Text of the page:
The conferences put on by AllThingsD tend to be a bit sedate - Walt Mossberg gets on stage with some Very Important People and picks their brain in front of a live audience. Not so with tonight's interview of Motorola CEO Dennis Woodside and Research & Development head Regina Dugan. At the D11 stage, Woodside let loose with a flurry of information about the company's plans for the remainder of the year, starting with the much-rumored X Phone. Yup, it's real, and according to the interview, the "hero device" will be released by October 2013.
Woodside went on to say that the "Moto X" would be made in a Texas facility currently used to create Nokia phones, presumably through an OEM hardware partner. The facility outside of Fort Worth has about 2,000 employees. At least some components will come from overseas manufacturers, including the processor and OLED screen. But the CEO said that 70% of the phone would be made in the U.S.A. - a big deal for an American company, now that Apple is making headlines about US manufacturing.
Specifications and other concrete details were hard to come by, despite the fact that Woodside claimed to have the device in question in his pocket onstage. Much was made of the X Phone's contextual awareness - it will know when you've removed it from your pocket, when you're walking, and when you're driving, possibly using Google's spiffy new APIs. Speaking of which, the CEO attempted to downplay Moto's relationship with its parent company, despite mentioning a conversation with Larry Page:
We are owned by Google so there are lots of areas (of Google) that support us. We have no access to Android code. We are managed by their partner managers. There is no advantage that has been conferred to us.
I'd be remiss if I didn't mention the fact that Google Chairman Eric Schmidt was talking up "phenomenal" upcoming Motorola products at another AllThingsD conference just last month.
The new phone will be the centerpiece of Motorola's next product line, and will be "carried broadly by US [cellular] carriers" - a welcome sound for AT&T, Sprint, and T-Mobile customers who have been a bit underserved by the revamped RAZRs. At least part of this new product line will also arrive before October, and the rest will launch throughout the fall. Motorola will be focusing on the previously mentioned sensors and contextual awareness, battery life, device durability, and the lower part of the market, specifically targeting low-income and first-time smartphone buyers.
Motorola has been a bit quiet lately, especially in the face of heavy-hitters like the HTC One and Galaxy S4. Now we know why. It may be some months before we get to see the Moto X, but it looks like the company will be pulling out all the stops. Note that it should be the first major product to be completely developed and released after the Google acquisition - internal separation or no, you can bet the big G will have at least some input on both the software and hardware front. The previously-spotted "Xfone" doesn't seem to fit this lofty bill.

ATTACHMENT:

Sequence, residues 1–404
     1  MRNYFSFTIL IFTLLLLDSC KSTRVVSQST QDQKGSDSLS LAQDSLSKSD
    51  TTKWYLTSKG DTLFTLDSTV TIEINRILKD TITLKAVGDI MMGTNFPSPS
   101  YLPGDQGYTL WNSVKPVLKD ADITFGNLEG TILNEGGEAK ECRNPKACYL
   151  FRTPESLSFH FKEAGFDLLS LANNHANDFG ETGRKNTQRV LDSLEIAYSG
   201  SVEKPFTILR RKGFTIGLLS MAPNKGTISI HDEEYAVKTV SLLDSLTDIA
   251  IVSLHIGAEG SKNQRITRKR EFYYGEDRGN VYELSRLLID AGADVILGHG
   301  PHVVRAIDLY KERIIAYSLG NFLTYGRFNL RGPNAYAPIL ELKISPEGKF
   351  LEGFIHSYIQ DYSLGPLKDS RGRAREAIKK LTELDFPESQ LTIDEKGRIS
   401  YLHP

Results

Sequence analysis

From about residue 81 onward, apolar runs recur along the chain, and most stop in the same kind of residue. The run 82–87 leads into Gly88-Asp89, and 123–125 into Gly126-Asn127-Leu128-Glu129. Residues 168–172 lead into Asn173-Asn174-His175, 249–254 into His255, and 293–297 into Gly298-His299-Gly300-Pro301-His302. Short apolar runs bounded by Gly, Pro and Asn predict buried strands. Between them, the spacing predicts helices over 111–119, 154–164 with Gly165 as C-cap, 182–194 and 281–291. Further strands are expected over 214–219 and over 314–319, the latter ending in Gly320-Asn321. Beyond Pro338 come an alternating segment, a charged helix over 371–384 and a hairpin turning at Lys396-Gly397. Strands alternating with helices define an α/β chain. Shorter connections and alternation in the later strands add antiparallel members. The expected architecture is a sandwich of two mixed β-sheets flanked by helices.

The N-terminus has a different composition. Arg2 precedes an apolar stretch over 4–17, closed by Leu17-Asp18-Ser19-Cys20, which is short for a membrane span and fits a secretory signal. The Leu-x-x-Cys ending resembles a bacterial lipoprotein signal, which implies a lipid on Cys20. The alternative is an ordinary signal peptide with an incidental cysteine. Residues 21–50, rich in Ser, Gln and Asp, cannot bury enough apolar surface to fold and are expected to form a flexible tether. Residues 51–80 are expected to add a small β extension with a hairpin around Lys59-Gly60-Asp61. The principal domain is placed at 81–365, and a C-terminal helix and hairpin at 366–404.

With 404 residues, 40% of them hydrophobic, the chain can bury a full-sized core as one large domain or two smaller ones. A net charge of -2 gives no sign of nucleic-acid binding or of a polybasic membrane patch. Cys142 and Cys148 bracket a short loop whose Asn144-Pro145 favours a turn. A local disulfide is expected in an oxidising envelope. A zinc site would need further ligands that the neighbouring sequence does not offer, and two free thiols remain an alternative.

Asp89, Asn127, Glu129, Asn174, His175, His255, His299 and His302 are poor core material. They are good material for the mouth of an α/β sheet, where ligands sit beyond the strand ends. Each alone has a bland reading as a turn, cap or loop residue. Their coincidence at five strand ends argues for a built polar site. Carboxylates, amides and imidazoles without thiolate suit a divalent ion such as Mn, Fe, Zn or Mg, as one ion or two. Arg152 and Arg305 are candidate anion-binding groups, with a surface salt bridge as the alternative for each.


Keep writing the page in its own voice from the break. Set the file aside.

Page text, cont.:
The rest of the D11 interview included some interesting conceptual R&D from Dugan, including electronic tattoos used for user authentication, and microchips in pills used to create a whole-body token. You can read the whole thing in the link below.
Update: Motorola has released a short PR statement after the interview. Note the wording below (our emphasis added in bold) citing a summer release for the Moto X.
Moto X: The First Smartphone Assembled in the USA
There are more than 130 million smartphones in use in the USA today and not one of them was assembled here...until now.
May 28, 2013 Danielle McNally
Today at the AllThingsD conference Dennis Woodside revealed how we are reinventing Motorola through a portfolio of products starting with Moto X, a new flagship smartphone that will be designed, engineered and assembled in the USA. We’re not talking about just a handful of units either -- available this summer, every Moto X sold in the USA will be assembled in Fort Worth, Texas, making it the first smartphone ever assembled domestically.
There were a few reasons why we decided to do this. There are several business advantages to having our Illinois and California-based designers and engineers much closer to our factory. For instance, we’ll be able to iterate on design much faster, create a leaner supply chain, respond much more quickly to purchasing trends and demands, and deliver devices to people here much more quickly. And as a part of Google we’re being encouraged to take big bets on things that make a difference.
We still have a network of global operations, and that won’t change. Our global manufacturing partner remains Flextronics and we’ll continue to assemble devices locally in China and Brazil. But Flextronics is busy looking for people for the new Fort Worth facility now. If you’re interested, we encourage you to check the available positions and apply.
This is an incredibly exciting time to be in the mobile device industry. Our role in inventing the mobile phone is well known. We’re happy to be shaping its future as well.